I've been wanting to read Bette Lee Crosby's books for quite some time. Have several on my Kindle and Bette was kind enough to send me a copy of Spare Change. Well, now I can't wait to get started. I just finished reading this short-but-sweet prequel in the Wyattsville series, A Home In Hopeful, and I fell in love with the characters right away.
Canasta Jones is an old woman recalling her younger years growing up on her Mama's farm in Hopeful, though times weren't always hopeful for Canasta and her family. As Canasta reflects, we learn how Hopeful came to be and, if you're paying attention, we also learn the meaning behind the title for Crosby's book, Spare Change. Canasta is a continuing character and I can't wait to learn more about her. Delightful.
A Home in Hopeful is part of Crosby's Wyattsville series that consists of the following four and a half books: (Books link back to Goodreads)
In a small fishing village known as Whistler's Cove, Misty owns and operates her dream come true, a successful teahouse that caters to an artistic community. Every small village has that one popular hangout, a place for locals to mingle and gossip. Or commit murder. Unfortunately for the town meanie, Hillary Short, poison is today's teahouse special. The only question being asked is WHO served the deadly dish. Or in this case, tainted tomato juice.
This is a short introduction in a four book series that revolves around Whistler's Cove. A number of locals are introduced in the first book but none really stand out, other than the main character and teahouse owner, Misty Williams. She's a likeable lady and I enjoyed the teahouse setting. Seems like a quaint gathering spot in an artsy community. This novella took less than an hour to read. But, nothing really wowed me or endeared me to it's characters. Then again, I find it hard to critique a story that's under fifty pages. I totally appreciate an author that can set the scene, add suspense to a mystery, and quickly wrap it up in forty-eight pages. I've read plenty books that had less to say but tortured reader's minds for hundreds of unnecessary pages. The bottom line here is, while there was a fine mystery developing, I needed something more. Maybe a bit more humor that cozy mysteries are normally known for. I needed something that captured my imagination, that one thing that compels a reader on. I needed to be hooked, especially since the first book in a series is what catapults the reader to the next. I wanted that happy connection that just wasn't there. For that reason, I'm on the fence. Not bad but I'm not cozy. Should I investigate this mystery further or call it a wrap? Right now, that decision remains unsolved.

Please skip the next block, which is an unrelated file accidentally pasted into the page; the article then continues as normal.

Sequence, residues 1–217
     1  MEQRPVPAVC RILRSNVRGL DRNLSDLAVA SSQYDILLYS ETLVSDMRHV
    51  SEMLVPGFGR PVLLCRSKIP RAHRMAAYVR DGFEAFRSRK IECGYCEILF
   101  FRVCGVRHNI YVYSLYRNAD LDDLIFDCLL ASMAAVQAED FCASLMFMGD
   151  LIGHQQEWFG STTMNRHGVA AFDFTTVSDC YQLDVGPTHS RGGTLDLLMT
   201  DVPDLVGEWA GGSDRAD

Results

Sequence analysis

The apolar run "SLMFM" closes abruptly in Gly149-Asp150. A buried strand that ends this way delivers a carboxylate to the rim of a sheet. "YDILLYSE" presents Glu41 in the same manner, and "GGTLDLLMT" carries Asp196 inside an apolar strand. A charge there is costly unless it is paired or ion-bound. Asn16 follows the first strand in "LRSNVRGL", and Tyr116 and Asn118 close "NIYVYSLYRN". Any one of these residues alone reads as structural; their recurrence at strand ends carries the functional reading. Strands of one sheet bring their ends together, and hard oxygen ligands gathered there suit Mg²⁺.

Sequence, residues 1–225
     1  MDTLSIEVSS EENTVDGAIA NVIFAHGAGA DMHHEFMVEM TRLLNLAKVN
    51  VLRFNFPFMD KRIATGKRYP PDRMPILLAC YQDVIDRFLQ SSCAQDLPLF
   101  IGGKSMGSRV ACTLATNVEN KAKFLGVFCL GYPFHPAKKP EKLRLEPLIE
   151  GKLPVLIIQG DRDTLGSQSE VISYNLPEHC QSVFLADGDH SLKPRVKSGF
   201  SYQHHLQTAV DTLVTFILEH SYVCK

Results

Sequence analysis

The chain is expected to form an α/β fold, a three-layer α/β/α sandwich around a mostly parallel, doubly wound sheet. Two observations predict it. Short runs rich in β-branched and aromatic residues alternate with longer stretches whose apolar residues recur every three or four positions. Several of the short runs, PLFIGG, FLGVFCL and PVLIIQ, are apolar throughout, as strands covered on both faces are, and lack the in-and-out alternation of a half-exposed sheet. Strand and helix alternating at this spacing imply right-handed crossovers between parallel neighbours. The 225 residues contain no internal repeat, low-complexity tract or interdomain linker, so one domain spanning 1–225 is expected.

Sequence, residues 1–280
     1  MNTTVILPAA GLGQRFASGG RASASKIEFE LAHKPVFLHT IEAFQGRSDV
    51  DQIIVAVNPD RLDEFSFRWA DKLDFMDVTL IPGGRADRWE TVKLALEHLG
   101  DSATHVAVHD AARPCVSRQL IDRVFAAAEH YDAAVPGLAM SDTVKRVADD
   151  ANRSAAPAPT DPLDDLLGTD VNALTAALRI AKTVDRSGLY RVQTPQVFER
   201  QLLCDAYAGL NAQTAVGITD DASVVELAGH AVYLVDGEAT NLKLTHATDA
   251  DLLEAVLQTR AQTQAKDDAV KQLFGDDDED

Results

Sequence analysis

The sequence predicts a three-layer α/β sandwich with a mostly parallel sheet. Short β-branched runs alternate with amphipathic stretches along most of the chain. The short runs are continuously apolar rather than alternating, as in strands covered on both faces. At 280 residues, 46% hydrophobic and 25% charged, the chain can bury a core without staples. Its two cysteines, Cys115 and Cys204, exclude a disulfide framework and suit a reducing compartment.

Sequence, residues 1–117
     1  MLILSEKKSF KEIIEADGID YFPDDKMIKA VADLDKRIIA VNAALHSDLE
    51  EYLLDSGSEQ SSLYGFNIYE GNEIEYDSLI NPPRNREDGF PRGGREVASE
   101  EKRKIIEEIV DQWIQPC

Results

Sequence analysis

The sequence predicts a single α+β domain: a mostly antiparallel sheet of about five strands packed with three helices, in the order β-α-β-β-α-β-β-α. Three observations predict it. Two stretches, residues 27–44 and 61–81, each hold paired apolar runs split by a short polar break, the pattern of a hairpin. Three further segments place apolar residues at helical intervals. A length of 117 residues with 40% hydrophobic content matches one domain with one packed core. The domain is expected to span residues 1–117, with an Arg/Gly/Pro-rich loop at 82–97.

If you're interested in reading this easy cozy, it's available on Amazon for free.
Other books in the Whistler's Cove Mystery Series are:
(Book Two) Cozy Mysteries: A Well-Crafted Alibi
(Book Three) Cozy Mysteries: A Twist of the Craft Knife
(Book Four) Cozy Mysteries: Death at the Craft Fair
Loosely based on a reallife haunting, The Depot is a quick read but delivers chills. While the plot isn't all that original, this paranormal-murder-mystery is quite entertaining. I read it at night while sitting on my patio. Spooky enough to send me indoors after a couple of chapters. Liked it well enough to follow Detective Mark Waters into THE LIBRARY, where the story picks up six months later. DeSousa introduces Detective Waters in another book entitled THE PIT STOP. I've downloaded both and I actually got one for free. I'm not sure if the ebooks are still free but worth a check.
For more info, check out DeSousa's website. www.carmendesousa.com
She has many stories to choose from including paranormal and romantic suspense.